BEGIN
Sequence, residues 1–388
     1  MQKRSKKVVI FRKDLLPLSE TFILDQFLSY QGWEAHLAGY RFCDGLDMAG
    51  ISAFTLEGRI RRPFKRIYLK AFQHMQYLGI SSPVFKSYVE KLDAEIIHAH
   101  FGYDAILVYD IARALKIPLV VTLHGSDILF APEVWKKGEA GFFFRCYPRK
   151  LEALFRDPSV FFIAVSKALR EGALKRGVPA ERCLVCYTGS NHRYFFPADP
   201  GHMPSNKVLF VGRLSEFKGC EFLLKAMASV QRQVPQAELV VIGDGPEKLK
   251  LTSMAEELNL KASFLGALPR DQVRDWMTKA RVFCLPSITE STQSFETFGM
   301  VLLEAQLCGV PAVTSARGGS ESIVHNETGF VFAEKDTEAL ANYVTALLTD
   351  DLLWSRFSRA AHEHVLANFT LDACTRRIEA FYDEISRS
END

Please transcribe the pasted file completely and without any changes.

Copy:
Sequence, residues 1–388
     1  MQKRSKKVVI FRKDLLPLSE TFILDQFLSY QGWEAHLAGY RFCDGLDMAG
    51  ISAFTLEGRI RRPFKRIYLK AFQHMQYLGI SSPVFKSYVE KLDAEIIHAH
   101  FGYDAILVYD IARALKIPLV VTLHGSDILF APEVWKKGEA GFFFRCYPRK
   151  LEALFRDPSV FFIAVSKALR EGALKRGVPA ERCLVCYTGS NHRYFFPADP
   201  GHMPSNKVLF VGRLSEFKGC EFLLKAMASV QRQVPQAELV VIGDGPEKLK
   251  LTSMAEELNL KASFLGALPR DQVRDWMTKA RVFCLPSITE STQSFETFGM
   301  VLLEAQLCGV PAVTSARGGS ESIVHNETGF VFAEKDTEAL ANYVTALLTD
   351  DLLWSRFSRA AHEHVLANFT LDACTRRIEA FYDEISRS